Ex-Russian MP’s suspected assassin’s ‘double’ pops up in UkraineWorld March 24, 16:59
Photos of the week: Putin at the theater, Trump behind the wheel and Erdogan playing ballSociety & Culture March 24, 16:39
Legendary Soviet test pilot Mikoyan passes away at 94Military & Defense March 24, 16:22
Russian Aerospace Force received 16 Su-34 fighter bombers in 2016Military & Defense March 24, 16:06
Russian diplomat notes ultimatums cause Syrian opposition to suffer defeatsRussian Politics & Diplomacy March 24, 15:46
Putin and Le Pen did not talk about National Front's financing — KremlinRussian Politics & Diplomacy March 24, 15:07
Kremlin expects ex-Duma member’s murder to be investigated thoroughlyRussian Politics & Diplomacy March 24, 15:05
Putin backs Russian Central Bank's key rate cut and regulator’s strategyBusiness & Economy March 24, 14:45
Vatican museums make exception for Tretyakov Gallery exhibitionSociety & Culture March 24, 14:41
MOSCOW, November 19 (Itar-Tass) —— Russian MPs suggested postponing the entry into force of the new education law for six months.
The government’s draft education law passed the first reading in the Duma on October 17 and is scheduled for a second reading on December 11.
“As for when the law should take effect, it is January 1, 2013 [as stated in the draft law]. But it is clear that this date needs to be changed,” Alexander Degtyarev (United Russia), the head of the State Duma Education Committee, said at a meeting of the presidium of the Council of Russian Legislators on Monday, November 19.
In his opinion, “it would be advisable for the law to enter into force in the second half of 2013 from the point of view of the budgetary process so that we would have the possibility, if such a need arises, to make changes to the federal and regional budgets for the second half of year,” he said.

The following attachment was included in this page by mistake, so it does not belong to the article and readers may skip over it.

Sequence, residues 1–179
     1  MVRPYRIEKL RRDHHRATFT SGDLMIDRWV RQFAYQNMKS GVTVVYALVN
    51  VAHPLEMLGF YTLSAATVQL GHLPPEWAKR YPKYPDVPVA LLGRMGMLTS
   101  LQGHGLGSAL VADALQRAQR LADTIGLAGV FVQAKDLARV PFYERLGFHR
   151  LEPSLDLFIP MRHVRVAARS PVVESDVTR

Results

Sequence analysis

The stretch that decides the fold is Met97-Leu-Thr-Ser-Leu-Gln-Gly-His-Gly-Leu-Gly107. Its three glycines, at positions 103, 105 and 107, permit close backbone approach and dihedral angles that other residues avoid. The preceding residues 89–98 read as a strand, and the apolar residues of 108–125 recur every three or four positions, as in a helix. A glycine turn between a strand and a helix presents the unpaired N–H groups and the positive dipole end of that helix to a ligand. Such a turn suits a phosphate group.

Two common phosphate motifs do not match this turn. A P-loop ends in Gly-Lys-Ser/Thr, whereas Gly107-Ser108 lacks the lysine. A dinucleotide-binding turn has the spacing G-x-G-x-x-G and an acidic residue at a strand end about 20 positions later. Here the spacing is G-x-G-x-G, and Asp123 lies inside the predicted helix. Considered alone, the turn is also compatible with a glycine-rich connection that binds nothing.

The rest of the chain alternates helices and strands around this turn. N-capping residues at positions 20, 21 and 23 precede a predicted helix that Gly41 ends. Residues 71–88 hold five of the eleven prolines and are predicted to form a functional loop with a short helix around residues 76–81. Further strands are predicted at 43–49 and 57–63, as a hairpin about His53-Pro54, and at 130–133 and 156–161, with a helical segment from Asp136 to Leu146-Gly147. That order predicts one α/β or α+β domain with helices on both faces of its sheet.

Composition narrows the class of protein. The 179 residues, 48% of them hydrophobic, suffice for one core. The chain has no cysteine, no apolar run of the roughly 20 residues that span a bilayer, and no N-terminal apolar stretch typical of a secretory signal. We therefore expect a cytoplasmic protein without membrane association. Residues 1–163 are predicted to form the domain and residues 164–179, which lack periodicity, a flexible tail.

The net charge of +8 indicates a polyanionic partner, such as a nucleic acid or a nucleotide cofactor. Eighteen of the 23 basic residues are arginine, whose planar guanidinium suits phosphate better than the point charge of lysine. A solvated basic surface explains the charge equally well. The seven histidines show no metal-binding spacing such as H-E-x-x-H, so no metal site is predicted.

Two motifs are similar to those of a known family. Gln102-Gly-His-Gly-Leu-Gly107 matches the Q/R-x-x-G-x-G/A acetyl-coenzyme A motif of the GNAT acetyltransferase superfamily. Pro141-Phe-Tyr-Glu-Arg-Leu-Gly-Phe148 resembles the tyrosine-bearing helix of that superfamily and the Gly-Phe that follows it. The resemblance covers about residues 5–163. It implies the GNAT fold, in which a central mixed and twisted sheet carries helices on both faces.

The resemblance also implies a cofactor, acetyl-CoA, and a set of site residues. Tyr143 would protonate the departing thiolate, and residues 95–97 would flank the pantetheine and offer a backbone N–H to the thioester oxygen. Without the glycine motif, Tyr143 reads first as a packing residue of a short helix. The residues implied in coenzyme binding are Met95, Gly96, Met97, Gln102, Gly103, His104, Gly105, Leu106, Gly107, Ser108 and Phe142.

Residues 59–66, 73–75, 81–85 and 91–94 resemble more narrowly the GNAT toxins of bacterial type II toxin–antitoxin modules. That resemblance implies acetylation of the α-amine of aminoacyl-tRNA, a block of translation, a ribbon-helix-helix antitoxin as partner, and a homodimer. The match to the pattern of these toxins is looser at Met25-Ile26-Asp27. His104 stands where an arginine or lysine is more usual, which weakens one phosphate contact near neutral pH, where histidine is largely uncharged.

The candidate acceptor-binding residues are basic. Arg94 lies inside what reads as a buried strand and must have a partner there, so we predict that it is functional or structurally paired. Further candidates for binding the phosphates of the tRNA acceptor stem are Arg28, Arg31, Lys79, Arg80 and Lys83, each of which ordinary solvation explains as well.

Degtyarev noted that the amendments to the draft law suggest postponing the enactment of the document until August 1. Nevertheless, he believes that it would take a “consolidated decision of the government, the presidential administration and legislators” to determine the final date.
The new education law is to replace two existing ones: “On Education” and “On Higher and Postgraduate Professional Education” which were adopted in 1992 and 1996, respectively.
State Duma speaker Sergei Naryshkin said earlier that the Duma would adopt a new basic education law before the end of the year.
He noted that although departmental education, such as that given at the Interior Ministry’s Moscow University, has its specific aspects, “they should be taken into account in the education law”.
Naryshkin recalled that the draft law is now being prepared for a second reading and “will be adopted during the autumn session” that ends in late December.
He also proposed that the government make annual reports on educational policy in Russia.
“I would suggest that the future law (“On Education” in Russia) be supplemented with a provision that will require the government to make annual reports on the implementation of the state educational policy in the country, which the government would represent to the State Duma,” Naryshkin said.
He also noted that some questions raised concerns during the work on ther basic education law, including stipends and utilities payment benefits for rural teachers.
“We should find such a solution that would not cause the position of this category of teachers to worsen in the future,” the speaker said. Additional work is also need with regard to ungraded schools. “Our common task is to make education qualitative, modern and competitive,” he said.
Former head of the Federal Education Agency and a member of the Duma Committee on Education, Grigory Balykhin, said that the draft basic law “On Education” submitted to the State Duma by the government and passed in a first reading on October 17 included many proposals that were put forth during its drafting.
“However the Duma Committee on Education continues to receive proposals. We have already received them from more than from 5,000 educational organisations and 90,000 people,” he said.